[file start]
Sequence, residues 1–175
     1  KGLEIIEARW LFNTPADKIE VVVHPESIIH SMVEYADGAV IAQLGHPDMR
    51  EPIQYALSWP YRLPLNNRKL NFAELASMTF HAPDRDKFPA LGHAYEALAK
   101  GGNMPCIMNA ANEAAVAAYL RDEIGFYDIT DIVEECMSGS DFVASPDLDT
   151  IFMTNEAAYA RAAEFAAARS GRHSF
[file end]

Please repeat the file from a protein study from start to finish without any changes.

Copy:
Sequence, residues 1–175
     1  KGLEIIEARW LFNTPADKIE VVVHPESIIH SMVEYADGAV IAQLGHPDMR
    51  EPIQYALSWP YRLPLNNRKL NFAELASMTF HAPDRDKFPA LGHAYEALAK
   101  GGNMPCIMNA ANEAAVAAYL RDEIGFYDIT DIVEECMSGS DFVASPDLDT
   151  IFMTNEAAYA RAAEFAAARS GRHSF